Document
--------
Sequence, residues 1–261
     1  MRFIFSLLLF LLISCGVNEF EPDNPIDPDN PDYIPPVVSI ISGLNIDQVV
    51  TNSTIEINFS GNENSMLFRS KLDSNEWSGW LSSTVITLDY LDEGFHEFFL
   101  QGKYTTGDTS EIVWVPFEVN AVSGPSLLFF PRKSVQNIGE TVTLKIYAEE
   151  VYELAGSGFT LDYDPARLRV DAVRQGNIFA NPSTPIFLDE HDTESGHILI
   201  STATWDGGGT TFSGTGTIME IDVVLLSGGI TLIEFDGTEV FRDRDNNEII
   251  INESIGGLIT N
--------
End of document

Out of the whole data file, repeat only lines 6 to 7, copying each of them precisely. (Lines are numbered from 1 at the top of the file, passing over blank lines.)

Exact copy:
   201  STATWDGGGT TFSGTGTIME IDVVLLSGGI TLIEFDGTEV FRDRDNNEII
   251  INESIGGLIT N